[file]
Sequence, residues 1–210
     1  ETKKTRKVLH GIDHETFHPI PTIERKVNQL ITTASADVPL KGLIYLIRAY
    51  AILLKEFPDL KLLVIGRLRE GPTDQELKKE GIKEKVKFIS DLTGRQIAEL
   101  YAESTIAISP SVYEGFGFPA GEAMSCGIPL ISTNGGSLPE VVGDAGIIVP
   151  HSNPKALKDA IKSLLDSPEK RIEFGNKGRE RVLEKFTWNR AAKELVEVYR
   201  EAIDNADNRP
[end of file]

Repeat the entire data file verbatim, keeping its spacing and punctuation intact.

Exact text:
Sequence, residues 1–210
     1  ETKKTRKVLH GIDHETFHPI PTIERKVNQL ITTASADVPL KGLIYLIRAY
    51  AILLKEFPDL KLLVIGRLRE GPTDQELKKE GIKEKVKFIS DLTGRQIAEL
   101  YAESTIAISP SVYEGFGFPA GEAMSCGIPL ISTNGGSLPE VVGDAGIIVP
   151  HSNPKALKDA IKSLLDSPEK RIEFGNKGRE RVLEKFTWNR AAKELVEVYR
   201  EAIDNADNRP